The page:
Answering an ad in a publication, his next stop was Alaska where he worked in hospitality in a fishing lodge for a few months. Then he spent three months in the Alaska wilderness collecting feathers and making masks with Eskimo villagers. This culminated in 1981 as a one-man show of his masks at the Museum of Native Americans in Spokane.
And then, as so many do, once they’ve visited the Vineyard, Richard returned. He began dating Claudia Canerdy on New Year’s Eve of 1981, and how we all enjoyed watching that love affair blossom. They were married a year later on New Year’s Eve of 1982.
Richard was gifted at organizing space and so he decorated Claudia’s stores, and out of a forest of sticker bush and poison ivy, he created a magnificent yard.
In 1984, the year he had a One Man Show of his masks, skulls, and painted horns at Limited Editions Gallery in N.Y.C., Claudia and Richard’s baby boy, Hudson, was born.
Richard was a full-time daddy to wee Hudson while Claudia continued with her gems and minerals work. And that’s when we all got to see how magnificently he wore the mantle of husband and father.
Through the ’80s and ’90s Richard’s work was shown at On the Vineyard Gallery, the Gay Head Gallery, the Field Gallery, Craven Gallery, and in Woodstock, Vermont, Harvard University, and Springfield College. They featured his reverse paintings on glass, his masks, and the Angels, Rose Babies, and Sprites collection.
Richard and Simon Hickman began working together in 1990. Chicamoo Gallery was born in Lambert’s Cove from that collaboration, and for several years we basked in the soirées and the comfort of the gallery that felt so much like an extension of our own living rooms.
The gallery and garden that Richard created in the courtyard behind Claudia’s store in Vineyard Haven for a few years (circa 2008-2010) was another place of welcome for all who knew him and for those who were new to his work and completely gob-smacked by his originality and whimsical eye. It gave us easy access to Richard’s gifts and his uncanny talent for providing comfort and wisdom to many different people in the community.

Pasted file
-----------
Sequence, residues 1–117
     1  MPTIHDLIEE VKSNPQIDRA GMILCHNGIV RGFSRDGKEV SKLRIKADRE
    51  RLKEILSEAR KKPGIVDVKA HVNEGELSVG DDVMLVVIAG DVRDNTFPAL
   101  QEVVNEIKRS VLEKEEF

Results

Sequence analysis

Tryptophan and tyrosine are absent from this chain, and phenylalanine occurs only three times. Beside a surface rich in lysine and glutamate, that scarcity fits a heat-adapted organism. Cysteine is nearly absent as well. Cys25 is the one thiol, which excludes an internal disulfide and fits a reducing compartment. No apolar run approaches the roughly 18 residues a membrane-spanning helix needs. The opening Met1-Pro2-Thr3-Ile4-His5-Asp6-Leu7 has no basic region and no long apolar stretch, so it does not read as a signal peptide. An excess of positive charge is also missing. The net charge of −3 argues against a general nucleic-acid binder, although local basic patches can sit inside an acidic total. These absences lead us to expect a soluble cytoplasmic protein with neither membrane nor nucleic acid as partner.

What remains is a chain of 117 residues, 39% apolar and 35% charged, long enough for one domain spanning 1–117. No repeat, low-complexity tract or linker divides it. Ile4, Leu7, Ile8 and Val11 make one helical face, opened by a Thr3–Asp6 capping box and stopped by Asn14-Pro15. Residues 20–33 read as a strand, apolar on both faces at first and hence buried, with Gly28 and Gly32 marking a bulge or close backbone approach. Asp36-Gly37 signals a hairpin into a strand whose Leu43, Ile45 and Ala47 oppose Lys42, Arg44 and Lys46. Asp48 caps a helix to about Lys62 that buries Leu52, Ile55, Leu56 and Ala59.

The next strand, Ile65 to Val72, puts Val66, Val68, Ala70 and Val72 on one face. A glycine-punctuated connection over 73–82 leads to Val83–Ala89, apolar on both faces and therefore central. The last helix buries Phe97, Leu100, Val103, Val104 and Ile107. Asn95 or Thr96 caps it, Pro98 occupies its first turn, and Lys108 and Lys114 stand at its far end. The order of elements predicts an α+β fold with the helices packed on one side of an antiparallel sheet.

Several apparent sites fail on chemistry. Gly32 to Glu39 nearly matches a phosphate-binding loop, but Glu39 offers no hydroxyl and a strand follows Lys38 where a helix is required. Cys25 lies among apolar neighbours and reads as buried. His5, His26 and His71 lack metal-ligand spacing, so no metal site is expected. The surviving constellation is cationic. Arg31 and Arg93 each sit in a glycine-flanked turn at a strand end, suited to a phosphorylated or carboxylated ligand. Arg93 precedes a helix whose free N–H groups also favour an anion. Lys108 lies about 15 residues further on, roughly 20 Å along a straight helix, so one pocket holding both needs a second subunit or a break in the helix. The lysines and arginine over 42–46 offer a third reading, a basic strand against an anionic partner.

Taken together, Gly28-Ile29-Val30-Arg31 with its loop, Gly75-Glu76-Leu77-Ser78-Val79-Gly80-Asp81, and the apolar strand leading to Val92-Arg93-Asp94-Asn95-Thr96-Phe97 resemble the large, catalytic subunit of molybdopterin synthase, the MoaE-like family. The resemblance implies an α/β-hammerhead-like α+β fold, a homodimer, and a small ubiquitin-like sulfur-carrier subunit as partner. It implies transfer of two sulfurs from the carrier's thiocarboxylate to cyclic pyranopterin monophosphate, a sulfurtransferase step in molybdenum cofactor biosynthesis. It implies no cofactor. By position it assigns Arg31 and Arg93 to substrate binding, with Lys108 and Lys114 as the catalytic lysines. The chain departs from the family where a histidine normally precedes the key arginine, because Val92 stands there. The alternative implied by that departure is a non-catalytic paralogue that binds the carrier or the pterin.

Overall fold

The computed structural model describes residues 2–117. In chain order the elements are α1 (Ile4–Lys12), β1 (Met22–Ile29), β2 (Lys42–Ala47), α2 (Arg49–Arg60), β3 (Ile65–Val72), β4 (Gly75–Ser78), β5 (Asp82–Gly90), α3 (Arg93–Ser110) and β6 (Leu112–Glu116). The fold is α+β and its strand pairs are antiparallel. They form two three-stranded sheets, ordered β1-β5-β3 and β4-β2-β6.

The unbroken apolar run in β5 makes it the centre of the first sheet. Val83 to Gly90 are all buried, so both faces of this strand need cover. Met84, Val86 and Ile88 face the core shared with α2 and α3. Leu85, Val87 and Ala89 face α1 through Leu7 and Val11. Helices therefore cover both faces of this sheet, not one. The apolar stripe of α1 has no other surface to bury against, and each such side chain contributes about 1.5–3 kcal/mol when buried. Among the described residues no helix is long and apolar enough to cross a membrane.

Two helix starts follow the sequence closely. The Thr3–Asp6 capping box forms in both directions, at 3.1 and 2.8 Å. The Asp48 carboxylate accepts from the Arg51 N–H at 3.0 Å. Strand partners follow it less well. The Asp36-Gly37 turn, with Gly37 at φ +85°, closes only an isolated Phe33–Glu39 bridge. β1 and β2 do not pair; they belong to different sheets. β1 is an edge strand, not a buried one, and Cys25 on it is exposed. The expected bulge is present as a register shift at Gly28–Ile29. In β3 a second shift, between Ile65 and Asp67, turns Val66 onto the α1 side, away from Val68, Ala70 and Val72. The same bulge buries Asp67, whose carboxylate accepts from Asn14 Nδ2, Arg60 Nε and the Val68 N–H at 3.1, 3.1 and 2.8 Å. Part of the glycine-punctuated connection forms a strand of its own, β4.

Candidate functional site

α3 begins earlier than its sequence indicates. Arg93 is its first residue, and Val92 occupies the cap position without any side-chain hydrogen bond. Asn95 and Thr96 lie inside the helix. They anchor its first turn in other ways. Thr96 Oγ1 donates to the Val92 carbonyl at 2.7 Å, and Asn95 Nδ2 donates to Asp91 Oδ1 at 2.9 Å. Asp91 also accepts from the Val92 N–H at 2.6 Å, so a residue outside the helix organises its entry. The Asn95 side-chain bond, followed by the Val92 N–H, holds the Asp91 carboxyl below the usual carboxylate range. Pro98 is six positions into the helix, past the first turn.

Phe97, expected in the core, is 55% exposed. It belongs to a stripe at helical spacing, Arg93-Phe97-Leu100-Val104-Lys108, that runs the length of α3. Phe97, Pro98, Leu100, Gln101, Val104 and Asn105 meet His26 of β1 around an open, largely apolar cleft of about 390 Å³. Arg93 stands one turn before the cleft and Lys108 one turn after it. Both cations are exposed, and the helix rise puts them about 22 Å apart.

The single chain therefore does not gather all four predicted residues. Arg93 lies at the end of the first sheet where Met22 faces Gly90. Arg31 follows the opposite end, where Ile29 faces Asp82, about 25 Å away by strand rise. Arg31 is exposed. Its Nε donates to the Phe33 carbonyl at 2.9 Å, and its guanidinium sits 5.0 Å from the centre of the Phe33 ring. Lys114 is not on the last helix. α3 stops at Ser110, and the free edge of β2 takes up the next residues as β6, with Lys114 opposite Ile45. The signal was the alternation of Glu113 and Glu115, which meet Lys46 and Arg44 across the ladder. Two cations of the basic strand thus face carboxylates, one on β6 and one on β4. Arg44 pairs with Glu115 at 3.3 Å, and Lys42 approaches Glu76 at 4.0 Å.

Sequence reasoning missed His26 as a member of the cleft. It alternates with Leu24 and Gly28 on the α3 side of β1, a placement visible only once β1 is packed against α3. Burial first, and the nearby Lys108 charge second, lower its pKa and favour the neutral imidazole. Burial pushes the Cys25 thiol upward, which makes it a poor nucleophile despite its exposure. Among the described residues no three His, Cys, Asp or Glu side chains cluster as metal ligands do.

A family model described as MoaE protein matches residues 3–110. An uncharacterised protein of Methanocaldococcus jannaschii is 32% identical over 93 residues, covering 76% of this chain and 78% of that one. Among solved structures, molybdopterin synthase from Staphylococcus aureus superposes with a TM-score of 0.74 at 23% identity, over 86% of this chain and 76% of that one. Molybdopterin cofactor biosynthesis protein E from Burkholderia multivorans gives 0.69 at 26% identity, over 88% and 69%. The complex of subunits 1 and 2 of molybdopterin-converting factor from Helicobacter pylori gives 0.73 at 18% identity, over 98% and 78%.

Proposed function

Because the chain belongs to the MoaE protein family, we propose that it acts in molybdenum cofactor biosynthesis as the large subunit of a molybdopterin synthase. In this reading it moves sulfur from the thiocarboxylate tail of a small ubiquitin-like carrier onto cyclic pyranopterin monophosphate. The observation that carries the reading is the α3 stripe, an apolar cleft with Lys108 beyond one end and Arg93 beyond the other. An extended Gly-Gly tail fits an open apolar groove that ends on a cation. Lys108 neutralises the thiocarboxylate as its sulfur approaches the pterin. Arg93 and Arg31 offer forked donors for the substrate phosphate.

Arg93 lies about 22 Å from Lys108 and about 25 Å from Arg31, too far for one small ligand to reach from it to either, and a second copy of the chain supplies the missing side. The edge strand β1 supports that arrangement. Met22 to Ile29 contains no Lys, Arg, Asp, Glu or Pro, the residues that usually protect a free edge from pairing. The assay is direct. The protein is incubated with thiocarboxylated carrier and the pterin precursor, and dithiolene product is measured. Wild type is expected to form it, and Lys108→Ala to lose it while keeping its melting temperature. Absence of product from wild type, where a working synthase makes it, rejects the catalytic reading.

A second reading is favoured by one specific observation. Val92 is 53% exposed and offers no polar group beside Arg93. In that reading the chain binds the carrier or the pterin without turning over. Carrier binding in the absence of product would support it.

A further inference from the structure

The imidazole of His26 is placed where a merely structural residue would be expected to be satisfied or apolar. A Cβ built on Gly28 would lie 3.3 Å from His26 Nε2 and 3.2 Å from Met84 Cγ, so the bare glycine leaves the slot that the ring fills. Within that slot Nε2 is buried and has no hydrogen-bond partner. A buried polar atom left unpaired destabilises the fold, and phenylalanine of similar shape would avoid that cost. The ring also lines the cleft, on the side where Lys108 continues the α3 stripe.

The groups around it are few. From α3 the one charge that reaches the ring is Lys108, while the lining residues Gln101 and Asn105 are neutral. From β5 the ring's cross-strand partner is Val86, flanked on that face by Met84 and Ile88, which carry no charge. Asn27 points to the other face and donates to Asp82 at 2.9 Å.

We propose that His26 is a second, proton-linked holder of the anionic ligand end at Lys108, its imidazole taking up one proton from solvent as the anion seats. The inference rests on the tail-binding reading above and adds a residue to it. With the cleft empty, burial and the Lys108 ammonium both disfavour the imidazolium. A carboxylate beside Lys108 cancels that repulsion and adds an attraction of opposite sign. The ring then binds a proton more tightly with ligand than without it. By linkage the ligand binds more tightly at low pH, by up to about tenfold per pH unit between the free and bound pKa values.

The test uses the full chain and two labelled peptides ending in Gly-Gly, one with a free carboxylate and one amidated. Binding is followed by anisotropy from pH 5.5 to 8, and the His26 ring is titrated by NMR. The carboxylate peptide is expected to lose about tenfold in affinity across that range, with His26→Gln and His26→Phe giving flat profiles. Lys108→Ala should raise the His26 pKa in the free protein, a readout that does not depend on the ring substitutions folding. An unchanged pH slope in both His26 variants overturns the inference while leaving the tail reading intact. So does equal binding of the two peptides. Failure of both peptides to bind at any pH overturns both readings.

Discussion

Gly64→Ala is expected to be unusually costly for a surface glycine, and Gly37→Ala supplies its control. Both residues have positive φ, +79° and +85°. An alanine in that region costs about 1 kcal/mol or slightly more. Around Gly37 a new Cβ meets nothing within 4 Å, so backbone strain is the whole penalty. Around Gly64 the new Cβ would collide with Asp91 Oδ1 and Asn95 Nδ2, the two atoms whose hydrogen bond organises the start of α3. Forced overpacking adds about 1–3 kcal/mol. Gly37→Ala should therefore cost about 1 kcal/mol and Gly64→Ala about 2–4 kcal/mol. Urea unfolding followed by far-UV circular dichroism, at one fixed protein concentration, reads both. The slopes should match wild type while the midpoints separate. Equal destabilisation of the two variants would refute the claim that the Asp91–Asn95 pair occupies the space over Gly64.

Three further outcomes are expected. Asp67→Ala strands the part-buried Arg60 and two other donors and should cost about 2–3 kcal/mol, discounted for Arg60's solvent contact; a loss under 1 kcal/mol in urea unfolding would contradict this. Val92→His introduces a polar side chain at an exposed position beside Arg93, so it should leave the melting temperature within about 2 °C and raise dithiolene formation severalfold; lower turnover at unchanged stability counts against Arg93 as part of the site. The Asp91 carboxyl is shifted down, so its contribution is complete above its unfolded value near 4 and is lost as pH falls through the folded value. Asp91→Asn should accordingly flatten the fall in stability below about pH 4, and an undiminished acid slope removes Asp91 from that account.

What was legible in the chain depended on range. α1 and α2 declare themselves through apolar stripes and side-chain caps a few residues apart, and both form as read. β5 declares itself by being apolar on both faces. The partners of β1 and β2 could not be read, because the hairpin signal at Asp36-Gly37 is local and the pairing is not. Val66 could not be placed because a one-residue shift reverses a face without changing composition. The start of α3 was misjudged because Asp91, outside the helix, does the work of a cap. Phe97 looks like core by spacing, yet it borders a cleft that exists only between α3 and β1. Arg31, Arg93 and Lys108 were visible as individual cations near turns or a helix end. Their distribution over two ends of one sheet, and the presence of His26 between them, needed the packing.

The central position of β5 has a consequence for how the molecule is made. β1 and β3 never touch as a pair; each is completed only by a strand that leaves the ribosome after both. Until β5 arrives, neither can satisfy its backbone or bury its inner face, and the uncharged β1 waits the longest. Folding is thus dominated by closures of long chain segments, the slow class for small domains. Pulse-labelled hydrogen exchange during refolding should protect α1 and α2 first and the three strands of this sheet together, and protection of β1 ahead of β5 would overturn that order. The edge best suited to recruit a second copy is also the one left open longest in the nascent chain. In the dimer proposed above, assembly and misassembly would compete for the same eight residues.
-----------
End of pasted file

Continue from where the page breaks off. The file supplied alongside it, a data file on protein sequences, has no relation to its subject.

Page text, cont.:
It didn’t matter where we met Richard, the greeting was always warm and welcoming — and never brief. One had to “set a spell” as his conversations were inspiring, thought-provoking, and sometimes electrifying. His humor was ever present. And he was a provocateur of the very best kind.
As Hudson said, he was rather inept at certain tasks like paperwork and dealing with machines or remote controls, but he created more than 600 paintings in his lifetime.
His art, which is now included in many private and public collections, is indistinguishable from the man. He was magic spun from gossamer and sinew.
In closing, let’s just say that Richard Lee was a great gift to us all. He personified “life times life.” His mere presence posed a deep question, and with his passing, that question looms large: Will you indulge yourself in beauty and authenticity, or will you stand by and observe others delight in the exploration of possibilities?